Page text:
4 Credits

JOUR 48200 Narrative Journalism Workshop (NLA)

Students demonstrate their ability in narrative journalism by researching and writing a major journalistic project. Projects will take the form of a long-form narrative feature report, with the goal of getting them published professionally. Critique and analysis of journalists' projects and reflections on their craft are emphasized. Prerequisites: JOUR 21100; junior standing. (F-S)
4 Credits

JOUR 48400 Mass Media Research (LA)

This course strengthens the student's skills in conducting journalism and mass communication research on real-world local, national, and international issues. Emphasis on the formulation of research topics and proposals; literature search and review; various methodologies that are applicable to the journalism profession; data collection, analysis, and interpretation; and research report writing. Prerequisite: JOUR 21100; junior standing; passing score on QL readiness exam. (F-S)
Attributes: QL
3 Credits

JOUR 48600 Documentary Journalism Workshop (NLA)

Students produce an in-depth final project of journalistic significance in a multimedia platform appropriate to their subject matter. Students research, write, edit, and produce long-form news stories in a documentary format for multimedia. Participants also critique and analyze examples of professionally produced documentary and long-form television and web-based journalism. Prerequisites: JOUR 21100; junior standing. (F-S)
Attributes: SL
4 Credits

JOUR 48800 Issues and the News (LA)

A capstone course for seniors majoring or minoring in journalism, designed to give the students an opportunity for in-depth news examination and analysis from numerous sources. Ongoing critique of major news issues of the day. Students examine the variety of information sources available and incorporate various points of view from around the world. They present key summaries of issues they are monitoring, producing news stories and analytic pieces. Prerequisites: JOUR 21100; senior standing. (F-S)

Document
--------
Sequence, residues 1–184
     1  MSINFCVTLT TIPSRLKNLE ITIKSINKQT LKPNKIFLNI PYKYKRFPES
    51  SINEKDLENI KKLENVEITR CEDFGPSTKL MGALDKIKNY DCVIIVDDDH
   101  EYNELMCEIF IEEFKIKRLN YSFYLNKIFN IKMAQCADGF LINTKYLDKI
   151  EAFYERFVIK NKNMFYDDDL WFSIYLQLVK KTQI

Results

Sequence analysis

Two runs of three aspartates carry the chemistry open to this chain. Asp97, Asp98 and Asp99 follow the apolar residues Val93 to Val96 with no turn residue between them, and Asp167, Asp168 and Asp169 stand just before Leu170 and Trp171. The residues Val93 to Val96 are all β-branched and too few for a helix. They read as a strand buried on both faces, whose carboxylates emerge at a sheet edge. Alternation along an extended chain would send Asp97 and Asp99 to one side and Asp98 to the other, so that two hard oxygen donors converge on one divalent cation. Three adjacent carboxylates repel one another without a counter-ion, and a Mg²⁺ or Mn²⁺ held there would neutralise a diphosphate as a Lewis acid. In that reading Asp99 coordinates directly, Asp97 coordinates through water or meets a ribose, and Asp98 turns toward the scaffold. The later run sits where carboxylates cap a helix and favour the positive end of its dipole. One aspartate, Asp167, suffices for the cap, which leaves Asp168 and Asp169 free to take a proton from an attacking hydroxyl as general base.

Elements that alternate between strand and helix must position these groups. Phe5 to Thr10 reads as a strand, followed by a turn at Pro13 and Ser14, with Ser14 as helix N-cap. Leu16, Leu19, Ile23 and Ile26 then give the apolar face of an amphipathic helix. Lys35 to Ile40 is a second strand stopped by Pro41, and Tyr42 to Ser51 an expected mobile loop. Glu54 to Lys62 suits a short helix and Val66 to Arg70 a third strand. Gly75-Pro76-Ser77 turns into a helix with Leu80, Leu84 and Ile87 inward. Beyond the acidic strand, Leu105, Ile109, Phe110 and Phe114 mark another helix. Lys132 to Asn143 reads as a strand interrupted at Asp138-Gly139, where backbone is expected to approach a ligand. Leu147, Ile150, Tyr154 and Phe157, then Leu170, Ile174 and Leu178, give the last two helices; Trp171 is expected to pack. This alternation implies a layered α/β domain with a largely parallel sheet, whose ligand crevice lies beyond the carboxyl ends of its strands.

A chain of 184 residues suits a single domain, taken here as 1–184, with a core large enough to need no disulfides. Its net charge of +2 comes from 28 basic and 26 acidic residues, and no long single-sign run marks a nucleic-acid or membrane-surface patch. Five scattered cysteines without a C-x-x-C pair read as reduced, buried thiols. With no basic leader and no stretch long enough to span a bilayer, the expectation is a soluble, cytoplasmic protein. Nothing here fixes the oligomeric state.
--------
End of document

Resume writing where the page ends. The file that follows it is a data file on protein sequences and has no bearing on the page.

Attributes: UND
3 Credits

JOUR 49000 Internship (NLA)

Jointly supervised work experience with a cooperating institution or corporation in the field of journalism or communications, intended to motivate the student toward professional growth through observation and participation, to provide opportunities to meet active professionals, and to stimulate career planning. Skills and academic knowledge are put into practice. May be repeated. Prerequisites: Junior standing; journalism major or minor; completion of Park School internship procedures. The total number of internship credits a journalism major or minor is permitted to earn may not exceed (including London and Los Angeles internships). For example, if a student takes an 8-credit internship, a second internship would count for up to only, for a total of Pass/fail only. (F-S)
1-8 Credits

JOUR 49900-49901 Independent Study in Journalism (LA)

Intensive research related to journalism under the supervision of a faculty adviser and with approval of the department chair. A major research paper is required. May be repeated; total credits earned may not exceed eight credits for the two independent study courses combined. Prerequisites: Journalism major or minor; senior standing; permission of department chair. (F-S)
1-4 Credits